Thousands of men and women clad in black streamed to a Tel Aviv beach Monday to attend a protest rally. The demonstrators came from many different communities and belonged to a raft of organizations, as reflected on their banners. But they all came to express their anger at the continued murder of women by their partners and the incompetence of the authorities.
Several speakers were bereaved siblings who had lost a beloved sister, murdered by her partner. Their pain lays bare how, when a woman is killed, an entire family is destroyed, hurting everyone who loved her. Every murderer takes not only the life of the woman who shared her life with him, but also the joy of living of her parents, siblings, friends and, of course, her children.
Some speakers, women in the campaign against gender-related violence, made clear that murder is only the most extreme manifestation of violence against women. Harassment, sexual assault, rape, expressions of jealousy, domineering behavior, economic oppression, verbal and physical violence – all this serves the patriarchal oppression of women. The campaign against the murder of women is an inseparable part of the campaign against all kinds of gender-related violence and the patriarchy it serves.
This feminist insight seems to have been embraced by certain segments of society. Another insight is no less important: The murder of women is enabled and supported by patriarchal practices, structures and arrangements that ostensibly aren’t violent or linked to murder.
An example is the allotting of marriage and divorce to the rabbinical courts, which operate under patriarchal and anachronistic laws. In Israel’s 72 years, the legislature hasn’t bothered to pass a law sorting out marriage and divorce. Instead, the Knesset maintains the Ottomans’ procedure, under which each religious community has its own religious laws and courts.
For Israel’s Jewish majority, this means rabbinical courts apply their strict archaic Orthodox interpretation to ancient religious laws that don’t even pretend to recognize a woman’s equal rights. Under this arrangement, a Jewish woman in Israel can’t divorce her partner unless, in writing, he agrees to “release” her. Thus a woman who knows that her husband is jealous and domineering knows there’s no point trying to divorce him. This increases her sense that she is trapped, and weakens her resolve.
Moreover, the gender discrimination in the workforce – the glass ceiling that blocks the path to the top for most women, discriminatory wages and employers’ firing of female employee more readily – makes it difficult for women to achieve financial independence, increasing their dependence on their partners. A woman who knows she can’t make a living without her partner won’t rush to leave him.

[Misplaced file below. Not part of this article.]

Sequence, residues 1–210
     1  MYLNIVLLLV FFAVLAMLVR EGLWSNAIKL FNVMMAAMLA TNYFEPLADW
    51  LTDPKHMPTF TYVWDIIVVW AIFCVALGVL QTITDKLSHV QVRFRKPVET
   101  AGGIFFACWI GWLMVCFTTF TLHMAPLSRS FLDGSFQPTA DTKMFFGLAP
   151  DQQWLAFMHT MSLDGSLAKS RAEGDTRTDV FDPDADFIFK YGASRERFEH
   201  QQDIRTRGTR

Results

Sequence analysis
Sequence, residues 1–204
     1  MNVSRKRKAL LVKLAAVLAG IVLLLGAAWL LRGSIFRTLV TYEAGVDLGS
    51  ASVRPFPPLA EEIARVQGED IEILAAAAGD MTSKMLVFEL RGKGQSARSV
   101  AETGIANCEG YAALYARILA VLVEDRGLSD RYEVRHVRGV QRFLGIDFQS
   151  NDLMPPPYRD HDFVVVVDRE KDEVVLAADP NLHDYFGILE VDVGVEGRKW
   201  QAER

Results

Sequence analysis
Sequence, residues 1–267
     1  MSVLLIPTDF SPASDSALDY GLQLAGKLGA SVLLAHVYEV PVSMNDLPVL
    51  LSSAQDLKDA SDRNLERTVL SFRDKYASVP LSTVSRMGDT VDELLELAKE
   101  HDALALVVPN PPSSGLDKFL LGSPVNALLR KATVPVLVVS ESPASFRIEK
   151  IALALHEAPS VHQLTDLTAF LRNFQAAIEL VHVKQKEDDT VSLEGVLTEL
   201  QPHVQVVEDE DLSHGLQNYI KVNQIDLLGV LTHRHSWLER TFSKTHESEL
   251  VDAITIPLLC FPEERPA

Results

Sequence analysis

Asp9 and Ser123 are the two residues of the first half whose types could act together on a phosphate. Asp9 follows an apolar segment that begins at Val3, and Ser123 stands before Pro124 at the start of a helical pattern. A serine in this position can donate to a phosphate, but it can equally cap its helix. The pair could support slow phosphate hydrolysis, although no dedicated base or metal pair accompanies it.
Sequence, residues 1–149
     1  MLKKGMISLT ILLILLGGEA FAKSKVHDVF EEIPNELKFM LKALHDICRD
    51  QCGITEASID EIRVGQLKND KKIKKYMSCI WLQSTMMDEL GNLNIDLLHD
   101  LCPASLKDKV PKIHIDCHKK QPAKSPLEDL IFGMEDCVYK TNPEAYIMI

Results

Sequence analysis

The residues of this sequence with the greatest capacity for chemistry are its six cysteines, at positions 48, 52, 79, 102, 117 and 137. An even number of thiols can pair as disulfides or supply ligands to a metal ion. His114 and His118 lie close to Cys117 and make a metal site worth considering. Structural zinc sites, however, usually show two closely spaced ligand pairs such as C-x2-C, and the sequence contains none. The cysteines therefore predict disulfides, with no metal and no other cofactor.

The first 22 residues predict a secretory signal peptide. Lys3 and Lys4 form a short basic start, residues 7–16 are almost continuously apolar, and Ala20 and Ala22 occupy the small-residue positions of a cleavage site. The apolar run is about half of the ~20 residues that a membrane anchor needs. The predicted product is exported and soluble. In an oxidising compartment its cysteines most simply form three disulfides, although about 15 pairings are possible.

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Obviously, societal norms also play a role. As in every patriarchal society, in Israel a woman who isn’t in a permanent relationship with a man is less valued than a married woman. She is perceived as someone who hasn’t managed to find a partner, someone who has failed in the ultimate female mission of maintaining a family. In many sections of Israeli society, the price paid by a woman for separating from a man is high, as is her incentive to remain in a family framework, even if this risks her life.
A no-less harmful convention is that a good wife should be tolerant of her husband, taking care of him, easing his pain and soothing his anger, even if this means sacrificing her own well-being. Such a convention makes it difficult for a woman to pinpoint the moment a partner’s anger, frustration, suspicion or jealousy becomes a danger not to be ignored. No one teaches a woman how to identify that moment, and the proverbial hanging out of dirty laundry is often seen as humiliating.
There is no question that combating the murder of women requires hefty budgets for treating violent men and their victims. But above all, people must learn basic feminist insights that aren't yet taught in schools or any other framework. We must address not only all types of gender-related violence (which are obviously connected to other forms of societal violence), but also other forms of patriarchal oppression. This includes the absence of civil divorce – which could allow an exit from dangerous ties – discrimination at the workplace and societal conventions that encourage a woman to stick with her man and nurture him even when her life is endangered.
It’s important to identify signs of domination and gender aggression – not ignore them – and sound a warning. But it’s also important to insist that the legislature enable civil marriage, which would allow separation from a dangerous partner. It’s important to fight for equality in the workforce and drop conventions that make it difficult for women to leave their partners, even when they’re dangerous.
If we have the courage to look inward, we’ll find that even the enlightened could do a lot to change their perceptions – as well as improve the message we send to women who may be at risk. If we dare weaken the conventions that tether women to dangerous partners, we’ll help save lives.